During the Great Depression, a wealthy banker throws away his wife's expensive fur coat; it lands on the head of a stenographer, leading to everyone assuming she is his mistress and has access to his millions.
Carl Bellairs and Lindsey Lane, his daughter, meet many years after he deserted her and her mother. They don't much like each other, but wind up working in the same nightclub. Bellairs ... See full summary »
Ernest B. Schoedsack
Showgirl Eve, stranded in Paris without a sou, befriends taxi driver Tibor Czerny, then gives him the slip to crash a party. There she meets Helene Flammarion and her gigolo Picot, who's attracted to Eve. Helene's scheming husband Georges enlists Eve's aid in taking Picot away from his wife. It works well... at first. Meanwhile, lovestruck Tibor searches for Eve. But then he learns she's calling herself Baroness Czerny! Written by
Rod Crawford <email@example.com>
When John Barrymore was cast, it was well known that his alcoholism would necessitate some accommodation. This accounted for the presence in the cast of his young wife, Elaine Barrie. When he could not remember some of his lines, they were written out on blackboards just off camera, and both his irascibility and sense of humor were well in evidence. At one point one of the female assistants on the set went into the ladies room, only to be confronted with the sight of Barrymore, his back turned, relieving himself. "You can't be here," she protested, "it's just for ladies." He turned around and retorted, "So's this!" See more »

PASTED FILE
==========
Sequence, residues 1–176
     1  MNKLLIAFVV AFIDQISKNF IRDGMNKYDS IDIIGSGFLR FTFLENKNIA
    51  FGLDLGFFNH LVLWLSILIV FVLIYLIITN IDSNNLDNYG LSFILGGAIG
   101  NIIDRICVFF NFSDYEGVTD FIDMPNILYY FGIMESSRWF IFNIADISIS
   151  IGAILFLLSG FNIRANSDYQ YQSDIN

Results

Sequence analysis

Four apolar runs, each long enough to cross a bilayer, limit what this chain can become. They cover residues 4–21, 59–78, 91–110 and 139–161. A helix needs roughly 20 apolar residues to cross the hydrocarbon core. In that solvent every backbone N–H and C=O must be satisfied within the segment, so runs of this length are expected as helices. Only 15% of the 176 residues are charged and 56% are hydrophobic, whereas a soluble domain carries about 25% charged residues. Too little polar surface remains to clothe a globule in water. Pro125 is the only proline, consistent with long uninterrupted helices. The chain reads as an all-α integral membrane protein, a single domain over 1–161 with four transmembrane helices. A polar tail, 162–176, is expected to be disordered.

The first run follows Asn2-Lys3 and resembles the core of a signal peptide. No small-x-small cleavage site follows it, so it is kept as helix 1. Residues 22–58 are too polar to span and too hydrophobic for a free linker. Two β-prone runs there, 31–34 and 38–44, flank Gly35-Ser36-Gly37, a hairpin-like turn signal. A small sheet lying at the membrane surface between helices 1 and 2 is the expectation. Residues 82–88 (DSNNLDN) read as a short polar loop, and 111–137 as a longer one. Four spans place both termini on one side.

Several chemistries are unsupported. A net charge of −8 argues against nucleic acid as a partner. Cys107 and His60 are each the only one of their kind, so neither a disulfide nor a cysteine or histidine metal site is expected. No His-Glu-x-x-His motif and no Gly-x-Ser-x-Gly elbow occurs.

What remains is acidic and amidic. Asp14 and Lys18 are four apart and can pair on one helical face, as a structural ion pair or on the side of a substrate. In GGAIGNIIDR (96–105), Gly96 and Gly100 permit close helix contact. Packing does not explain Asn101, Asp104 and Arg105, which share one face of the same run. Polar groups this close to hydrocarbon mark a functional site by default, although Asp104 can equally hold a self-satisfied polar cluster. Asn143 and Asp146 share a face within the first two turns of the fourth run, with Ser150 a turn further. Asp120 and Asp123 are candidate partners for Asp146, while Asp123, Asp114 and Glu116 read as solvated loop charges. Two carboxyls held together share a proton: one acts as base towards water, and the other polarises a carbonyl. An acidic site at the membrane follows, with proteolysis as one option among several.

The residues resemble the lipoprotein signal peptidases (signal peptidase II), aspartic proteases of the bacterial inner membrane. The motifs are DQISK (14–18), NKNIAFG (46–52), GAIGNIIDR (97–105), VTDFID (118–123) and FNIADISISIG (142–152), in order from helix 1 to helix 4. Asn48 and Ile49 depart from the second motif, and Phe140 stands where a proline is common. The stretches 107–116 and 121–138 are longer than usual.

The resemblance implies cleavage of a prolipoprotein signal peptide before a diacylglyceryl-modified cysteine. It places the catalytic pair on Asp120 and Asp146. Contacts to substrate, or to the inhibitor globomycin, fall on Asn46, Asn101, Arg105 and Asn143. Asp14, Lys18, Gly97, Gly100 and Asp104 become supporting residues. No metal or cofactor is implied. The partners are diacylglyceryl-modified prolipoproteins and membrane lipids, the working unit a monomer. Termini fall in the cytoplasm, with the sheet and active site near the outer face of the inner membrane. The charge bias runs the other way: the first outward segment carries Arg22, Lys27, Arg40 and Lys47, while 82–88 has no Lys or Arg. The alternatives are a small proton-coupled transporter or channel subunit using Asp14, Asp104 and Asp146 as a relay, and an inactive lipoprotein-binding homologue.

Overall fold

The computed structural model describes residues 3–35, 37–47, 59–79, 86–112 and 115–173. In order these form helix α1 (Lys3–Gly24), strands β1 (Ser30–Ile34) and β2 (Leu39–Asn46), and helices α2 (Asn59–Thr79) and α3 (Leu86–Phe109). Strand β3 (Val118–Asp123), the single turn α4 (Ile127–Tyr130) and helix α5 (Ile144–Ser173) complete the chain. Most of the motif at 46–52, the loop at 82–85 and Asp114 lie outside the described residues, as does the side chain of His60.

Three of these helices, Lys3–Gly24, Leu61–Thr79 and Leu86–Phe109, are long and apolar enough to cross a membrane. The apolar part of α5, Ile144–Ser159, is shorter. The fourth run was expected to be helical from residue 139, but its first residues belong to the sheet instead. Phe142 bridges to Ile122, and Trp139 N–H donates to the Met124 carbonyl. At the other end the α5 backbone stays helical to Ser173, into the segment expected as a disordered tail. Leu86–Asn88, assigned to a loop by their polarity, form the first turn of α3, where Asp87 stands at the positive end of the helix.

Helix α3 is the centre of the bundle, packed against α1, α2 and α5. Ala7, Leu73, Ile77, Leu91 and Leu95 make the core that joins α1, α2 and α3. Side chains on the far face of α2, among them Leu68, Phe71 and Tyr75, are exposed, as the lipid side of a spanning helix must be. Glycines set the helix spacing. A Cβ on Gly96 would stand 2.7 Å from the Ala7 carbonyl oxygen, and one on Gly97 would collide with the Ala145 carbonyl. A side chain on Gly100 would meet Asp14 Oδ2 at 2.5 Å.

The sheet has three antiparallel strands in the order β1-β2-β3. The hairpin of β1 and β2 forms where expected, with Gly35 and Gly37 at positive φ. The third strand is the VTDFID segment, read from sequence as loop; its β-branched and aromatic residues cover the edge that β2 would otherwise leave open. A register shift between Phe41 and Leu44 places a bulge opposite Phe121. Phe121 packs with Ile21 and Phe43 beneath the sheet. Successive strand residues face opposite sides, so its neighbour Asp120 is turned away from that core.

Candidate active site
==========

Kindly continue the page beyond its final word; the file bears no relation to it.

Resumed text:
When Eve attends the concert (c. 15 minutes) she is completely dry despite her roaming the streets in the rain previously. See more »
The ground has just opened under our feet.
Well... and me all set to jump for that tub of butter.
We've landed in something, all right, but it's not butter.
Here they come.
I'll stand by you as best I can.
Ladies and gentlemen, may I have a word, please. I want to tell you something which I think will both interest and amuse you. Under our roof tonight, we have, as a guest, a person claiming one of the oldest names in the Almanach de Gotha.
I don't know how many of you are ...
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"Midnight" was one of the best pictures released in 1939. This delightful comedy was directed by Mitchell Leisen, based on a screen play by Charles Brackett and Billy Wilder. One can see the influence of Wilder in the way the story is presented. Mitchell Leisen had a keen eye in the styles of his times, being an art director, as well as a costume designer, as he shows in the film.
Claudette Colbert, one of the most accomplished comediennes of her time, shows why her presence in any project was an asset for the director wanting to employ her. If one adds the immensely talented Don Ameche to play opposite of Ms. Colbert, then success was almost guaranteed. These two actors are perhaps, the best reason for watching "Midnight'.
This screwball comedy of manners will enchant anyone willing to be seduced by its star. It's almost an implausible story, but why ask questions about what we suspect will happen. We just go along and have a great time for an hour and a half watching this movie.
John Barrymore makes an appearance, but he seems so out of character, at times, that we realize he must have been doing this picture out of necessity, rather than artistic duty. In fact, he appears to be reading his lines on cue cards. Not one of Mr. Barrymore's best movies.
The rest of the cast is excellent. Mary Astor, makes an elegant Helene, the woman deceiving her husband. Francis Lederer cuts quite a figure as the lover, who has a roving eye for whatever he could conquer. Rex O'Malley, Monty Woolley, and Hedda Hopper are also seen.
The ultimate triumph for Mr. Leisen seems to be the opulent sets that he and his team have created to give us the feeling we are in the Paris of that time. The women's costumes by Irene reflect the fashions of the sophisticated world where the movie takes place.
Watch the film and enjoy one of the best comedies from that period.
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